Bill C-11, the government’s online streaming legislation, has caught the attention of the U.S. government, which raised it as a concern during a recent meeting between U.S. Trade Representative Katherine Tai and Canadian Minister of International Trade Mary Ng. The issue is cited in the U.S. readout of the meeting, though the Canadian readout of the same meeting notably excludes any reference to the issue. The readout specifically states that “Ambassador Tai expressed concern about Canada’s proposed digital service tax and pending legislation in the Canadian Parliament that could impact digital streaming services.” The reference to concerns with a digital services tax has been raised before, but the inclusion of Bill C-11 is new. The concerns may reflect Canadian Heritage Minister Pablo Rodriguez’s decision to regulate user generated content, an approach not found in any other country in the world.
The creation of a new trade irritant with Bill C-11 could prove extremely costly as it opens the door the possibility of hundreds of millions of dollars in retaliatory tariffs. Those tariffs can target any sector, meaning they could be levied on dairy, steel or other sensitive economic sectors. Minister Rodriguez has claimed that the bill could result in $1 billion in new revenues, though his own officials have since admitted that the number is only an “illustrative estimate.” Whatever the number, the CUSMA would allow the U.S. to levy tariffs of an equivalent commercial effect in the event of a violation of the treaty.
Article 19.4 of the CUSMA covers non-discriminatory treatment of digital products. It provides:
Article 19.4: Non-Discriminatory Treatment of Digital Products
1. No Party shall accord less favorable treatment to a digital product created, produced, published, contracted for, commissioned, or first made available on commercial terms in the territory of another Party, or to a digital product of which the author, performer, producer, developer, or owner is a person of another Party, than it accords to other like digital products.
2. This Article does not apply to a subsidy or grant provided by a Party, including a government-supported loan, guarantee, or insurance.
In addition, Article 32.6 provides a broad exception for the cultural industries, with Article 32.6(2) stating:
This Agreement does not apply to a measure adopted or maintained by Canada with respect to a cultural industry, except as specifically provided in Article 2.4 (Treatment of Customs Duties) or Annex 15-D (Programming Services).
So does that mean Canada can ignore the U.S. concern about the bill? Not exactly. First, the bill quite clearly prohibits discriminatory treatment of digital products, including potential payment requirements for companies that do not enjoy equal access to the benefits and the possibility of discoverability requirements that could lead to U.S. content being downgraded or discriminated against when compared to Canadian content. This has implications for the treatment of digital services, digital advertising revenues, and other digital commercial activities.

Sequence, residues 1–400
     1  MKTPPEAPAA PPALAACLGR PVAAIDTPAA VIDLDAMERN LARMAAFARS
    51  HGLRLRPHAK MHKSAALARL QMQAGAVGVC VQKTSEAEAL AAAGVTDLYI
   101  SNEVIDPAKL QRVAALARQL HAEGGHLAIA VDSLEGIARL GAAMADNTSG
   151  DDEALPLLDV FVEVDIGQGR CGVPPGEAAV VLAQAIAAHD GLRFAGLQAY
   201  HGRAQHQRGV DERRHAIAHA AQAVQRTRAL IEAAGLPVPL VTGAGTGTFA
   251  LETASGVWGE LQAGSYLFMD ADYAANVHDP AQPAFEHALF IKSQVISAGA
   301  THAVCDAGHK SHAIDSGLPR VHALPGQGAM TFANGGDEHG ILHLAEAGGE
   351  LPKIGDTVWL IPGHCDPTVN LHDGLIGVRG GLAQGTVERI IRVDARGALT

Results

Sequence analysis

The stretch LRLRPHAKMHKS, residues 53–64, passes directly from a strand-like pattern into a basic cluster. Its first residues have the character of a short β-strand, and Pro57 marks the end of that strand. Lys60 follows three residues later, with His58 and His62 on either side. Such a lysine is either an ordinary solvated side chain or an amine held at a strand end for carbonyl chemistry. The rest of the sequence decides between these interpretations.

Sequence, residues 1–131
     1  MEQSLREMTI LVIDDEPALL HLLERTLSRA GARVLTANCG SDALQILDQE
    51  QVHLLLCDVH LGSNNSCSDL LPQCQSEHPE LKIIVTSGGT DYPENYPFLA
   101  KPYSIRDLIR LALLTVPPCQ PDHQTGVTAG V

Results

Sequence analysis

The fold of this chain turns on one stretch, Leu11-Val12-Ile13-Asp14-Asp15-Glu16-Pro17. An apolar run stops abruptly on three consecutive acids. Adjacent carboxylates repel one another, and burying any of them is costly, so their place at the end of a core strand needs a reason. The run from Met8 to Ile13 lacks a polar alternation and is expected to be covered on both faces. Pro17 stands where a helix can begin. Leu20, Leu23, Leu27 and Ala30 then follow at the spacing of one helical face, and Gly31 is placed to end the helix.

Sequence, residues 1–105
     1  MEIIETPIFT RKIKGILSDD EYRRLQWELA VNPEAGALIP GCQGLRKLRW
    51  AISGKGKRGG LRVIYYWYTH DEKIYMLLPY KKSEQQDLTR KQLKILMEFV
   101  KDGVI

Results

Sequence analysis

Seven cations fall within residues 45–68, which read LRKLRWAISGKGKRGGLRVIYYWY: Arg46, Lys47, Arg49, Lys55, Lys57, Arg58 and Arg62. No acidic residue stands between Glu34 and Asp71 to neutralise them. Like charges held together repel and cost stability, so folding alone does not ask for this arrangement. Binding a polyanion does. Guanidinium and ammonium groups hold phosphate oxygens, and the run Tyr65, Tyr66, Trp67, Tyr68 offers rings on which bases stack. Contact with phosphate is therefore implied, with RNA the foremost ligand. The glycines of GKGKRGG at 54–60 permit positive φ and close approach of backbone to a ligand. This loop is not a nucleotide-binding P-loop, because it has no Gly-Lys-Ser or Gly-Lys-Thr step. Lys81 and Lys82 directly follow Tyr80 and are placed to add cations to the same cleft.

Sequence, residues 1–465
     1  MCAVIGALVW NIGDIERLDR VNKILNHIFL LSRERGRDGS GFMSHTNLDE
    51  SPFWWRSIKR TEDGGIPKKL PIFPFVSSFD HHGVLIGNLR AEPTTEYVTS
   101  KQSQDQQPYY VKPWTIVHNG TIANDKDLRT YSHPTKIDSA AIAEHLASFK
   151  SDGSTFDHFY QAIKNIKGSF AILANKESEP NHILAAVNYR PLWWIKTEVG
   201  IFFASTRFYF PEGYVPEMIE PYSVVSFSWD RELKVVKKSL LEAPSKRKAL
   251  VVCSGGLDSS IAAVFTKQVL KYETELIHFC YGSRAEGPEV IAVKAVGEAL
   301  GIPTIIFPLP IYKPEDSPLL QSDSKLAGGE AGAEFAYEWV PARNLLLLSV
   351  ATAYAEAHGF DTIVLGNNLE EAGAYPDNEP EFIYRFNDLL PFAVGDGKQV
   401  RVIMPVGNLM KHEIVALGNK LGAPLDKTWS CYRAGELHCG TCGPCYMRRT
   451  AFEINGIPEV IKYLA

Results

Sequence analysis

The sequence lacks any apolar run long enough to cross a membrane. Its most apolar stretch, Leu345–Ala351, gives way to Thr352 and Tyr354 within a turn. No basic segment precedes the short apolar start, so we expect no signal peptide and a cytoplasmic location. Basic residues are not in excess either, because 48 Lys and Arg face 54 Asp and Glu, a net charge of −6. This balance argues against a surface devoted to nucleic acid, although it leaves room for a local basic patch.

While Bill C-11 faces charges of discriminatory treatment, Canada could cite two responses: 19.4(2), which excludes subsidies or grants, and the 32.6 exception. The problem with the first argument is that Bill C-11’s discriminatory treatment of content extends beyond just subsidies or grants. In doing so, that exclusion does not apply to all of Bill C-11’s potential regulations. Assuming there is a violation, the 32.6(2) exception would kick-in, but it would not eliminate the ability for the U.S. to apply retaliatory tariffs. That is because Article 32.6(4) states:
Notwithstanding any other provision of this Agreement, a Party may take a measure of equivalent commercial effect in response to an action by another Party that would have been inconsistent with this Agreement but for paragraph 2 or 3.
Put simply, the agreement permits Canada to violate the non-discrimination provisions for the cultural sector, but it grants the U.S. the right to levy “measures of equivalent commercial effect” in response. This provision is often referred to as a culture “poison pill” as it designed to discourage the use of the exemption. Since the provision does not limit retaliation to the cultural sector, the U.S. may levy equivalent tariffs on its choice of Canadian products or services. This was its strategy when it responded to a French plan to levy a new digital tax, which led to threats to impose US$2.4-billion in tariffs against French goods such as wine, cheese and handbags.
From a Canadian perspective, the CUSMA cultural exemption allows for discriminatory policies but at a price with Bill C-11 opening the door to U.S. retaliatory measures that would be designed to match any new benefits dollar-for-dollar. With the U.S. now signalling its concern with the legislation, the risks of pushing ahead with the unprecedented regulation of user content just got much bigger.